Take Five with Courtney Bryan

Courtney Bryan By

Sign in to view read count
Meet Courtney Bryan:
Courtney Bryan, a native of New Orleans, is "a pianist and composer of panoramic interests" (New York Times). Her music ranges from solo works to large ensembles in the new music and jazz idioms, film scores, and collaborations with dancers, visual artists, writers, and actors. On April 9, 2015, her new work Sanctum for orchestra and recorded sound, commissioned by American Composers Orchestra (ACO), will be given its world premiere by ACO at Jazz at Lincoln Center's Rose Hall, on a program that also includes premieres by Wynton Marsalis and Uri Caine. Sanctum explores the sound of improvisation in Holiness-preaching traditions, and draws inspiration from Pastor Shirley Caesar's 1973 recorded sermon, "The Praying Slave Lady." Bryan says, "By employing techniques of layered repetition, rhythmic intensity, and sounds of moaning and whooping, Sanctum invokes solace found in the midst of persecution and tribulation."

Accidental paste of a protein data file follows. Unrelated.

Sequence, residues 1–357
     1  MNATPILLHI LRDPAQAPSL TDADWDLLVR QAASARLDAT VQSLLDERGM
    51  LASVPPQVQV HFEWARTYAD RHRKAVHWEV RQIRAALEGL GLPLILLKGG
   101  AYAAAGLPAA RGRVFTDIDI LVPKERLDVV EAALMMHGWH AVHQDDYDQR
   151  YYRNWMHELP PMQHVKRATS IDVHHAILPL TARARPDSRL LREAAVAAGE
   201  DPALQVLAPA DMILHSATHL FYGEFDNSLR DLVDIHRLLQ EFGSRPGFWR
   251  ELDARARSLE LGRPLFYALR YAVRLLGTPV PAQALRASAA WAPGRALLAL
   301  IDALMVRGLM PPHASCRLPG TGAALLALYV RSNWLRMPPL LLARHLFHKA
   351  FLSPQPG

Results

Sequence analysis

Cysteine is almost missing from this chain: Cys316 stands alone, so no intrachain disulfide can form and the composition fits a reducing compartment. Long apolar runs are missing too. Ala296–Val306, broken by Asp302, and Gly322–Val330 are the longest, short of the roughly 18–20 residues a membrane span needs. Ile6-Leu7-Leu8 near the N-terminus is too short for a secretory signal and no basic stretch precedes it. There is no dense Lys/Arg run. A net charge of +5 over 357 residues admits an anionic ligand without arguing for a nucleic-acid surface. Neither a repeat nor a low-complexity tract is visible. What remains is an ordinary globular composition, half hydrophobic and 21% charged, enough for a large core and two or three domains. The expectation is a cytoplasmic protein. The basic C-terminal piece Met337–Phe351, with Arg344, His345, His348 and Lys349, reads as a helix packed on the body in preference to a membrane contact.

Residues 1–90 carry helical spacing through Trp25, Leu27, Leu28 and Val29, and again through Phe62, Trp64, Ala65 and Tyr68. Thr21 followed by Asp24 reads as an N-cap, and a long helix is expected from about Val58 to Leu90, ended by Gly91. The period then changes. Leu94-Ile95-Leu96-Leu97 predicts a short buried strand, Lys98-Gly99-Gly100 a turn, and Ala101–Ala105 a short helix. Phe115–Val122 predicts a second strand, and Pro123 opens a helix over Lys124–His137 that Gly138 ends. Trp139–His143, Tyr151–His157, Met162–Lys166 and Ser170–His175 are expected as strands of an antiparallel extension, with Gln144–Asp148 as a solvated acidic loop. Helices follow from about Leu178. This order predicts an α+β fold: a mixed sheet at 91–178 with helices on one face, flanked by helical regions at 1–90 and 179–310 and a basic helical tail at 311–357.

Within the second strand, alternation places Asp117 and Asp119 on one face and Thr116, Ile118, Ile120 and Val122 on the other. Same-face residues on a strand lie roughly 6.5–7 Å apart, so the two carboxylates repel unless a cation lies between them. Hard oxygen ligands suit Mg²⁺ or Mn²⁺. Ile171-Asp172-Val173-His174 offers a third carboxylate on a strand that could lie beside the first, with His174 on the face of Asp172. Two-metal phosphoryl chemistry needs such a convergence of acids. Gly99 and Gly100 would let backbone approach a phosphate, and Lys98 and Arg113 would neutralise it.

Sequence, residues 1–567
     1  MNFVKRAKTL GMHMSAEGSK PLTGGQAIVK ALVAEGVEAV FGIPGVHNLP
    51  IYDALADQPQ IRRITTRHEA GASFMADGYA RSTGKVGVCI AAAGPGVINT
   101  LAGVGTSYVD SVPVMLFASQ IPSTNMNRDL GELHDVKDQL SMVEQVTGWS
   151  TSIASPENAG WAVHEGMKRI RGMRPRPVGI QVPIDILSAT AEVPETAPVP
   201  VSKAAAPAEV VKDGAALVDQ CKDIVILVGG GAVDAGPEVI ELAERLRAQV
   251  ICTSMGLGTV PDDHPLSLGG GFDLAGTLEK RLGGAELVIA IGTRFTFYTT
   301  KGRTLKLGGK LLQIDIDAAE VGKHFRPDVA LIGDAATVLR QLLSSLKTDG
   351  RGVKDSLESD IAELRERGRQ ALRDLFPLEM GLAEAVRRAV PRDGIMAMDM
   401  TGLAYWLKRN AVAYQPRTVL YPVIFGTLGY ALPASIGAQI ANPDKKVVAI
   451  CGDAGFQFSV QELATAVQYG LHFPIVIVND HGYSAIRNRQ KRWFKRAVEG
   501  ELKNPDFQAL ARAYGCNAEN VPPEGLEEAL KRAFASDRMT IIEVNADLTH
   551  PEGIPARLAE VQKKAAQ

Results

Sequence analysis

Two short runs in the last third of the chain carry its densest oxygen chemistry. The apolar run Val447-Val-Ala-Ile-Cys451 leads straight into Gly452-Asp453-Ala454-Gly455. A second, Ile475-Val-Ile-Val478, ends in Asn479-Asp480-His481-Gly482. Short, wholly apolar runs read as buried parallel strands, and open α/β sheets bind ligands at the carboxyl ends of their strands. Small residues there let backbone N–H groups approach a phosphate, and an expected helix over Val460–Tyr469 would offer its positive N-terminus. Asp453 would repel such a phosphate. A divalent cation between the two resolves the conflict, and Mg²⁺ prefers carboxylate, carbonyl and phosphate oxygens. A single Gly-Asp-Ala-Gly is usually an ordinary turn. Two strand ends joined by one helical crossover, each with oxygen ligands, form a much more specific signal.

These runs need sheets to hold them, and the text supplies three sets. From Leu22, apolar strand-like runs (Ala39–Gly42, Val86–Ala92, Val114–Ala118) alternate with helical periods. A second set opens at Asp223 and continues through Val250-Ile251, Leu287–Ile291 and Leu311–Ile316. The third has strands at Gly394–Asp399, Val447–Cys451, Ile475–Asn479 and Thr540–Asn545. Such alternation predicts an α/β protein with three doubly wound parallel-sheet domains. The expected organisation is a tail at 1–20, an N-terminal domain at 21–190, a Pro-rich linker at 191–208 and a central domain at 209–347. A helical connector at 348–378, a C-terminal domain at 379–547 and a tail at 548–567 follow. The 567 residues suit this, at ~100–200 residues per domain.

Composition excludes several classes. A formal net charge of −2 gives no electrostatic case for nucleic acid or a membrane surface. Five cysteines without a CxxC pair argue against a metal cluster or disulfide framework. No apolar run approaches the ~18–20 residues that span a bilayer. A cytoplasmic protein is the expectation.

Courtney Bryan performs around the New York area, and is the Director of the Institute of Sacred Music at Bethany Baptist Church of Newark, NJ. Dr. Bryan has academic degrees from Oberlin Conservatory (BM), Rutgers University (MM), and recently completed a DMA in music composition at Columbia University of New York, with advisor George Lewis. Bryan has been an instructor at Columbia University and Oberlin Conservatory, and is currently a Postdoctoral Research Associate in the Center for African American Studies at Princeton University. She was a participant in ACO's Jazz Composers Orchestra Institute in 2012.   Bryan's work has been presented in a wide range of venues, including Lincoln Center, Miller Theatre, The Stone, Roulette Intermedium, National Gallery of Art, Blue Note Jazz Club, Jazz Gallery, and Bethany and Abyssinian Baptist Churches. She has two recordings, Quest for Freedom (2007) and This Little Light of Mine (2010). In addition to her new work for ACO, recent commissions include Prophetika, a collaboration with Charlotte Brathwaite and Abigail DeVille.

Who were your main teachers and influences?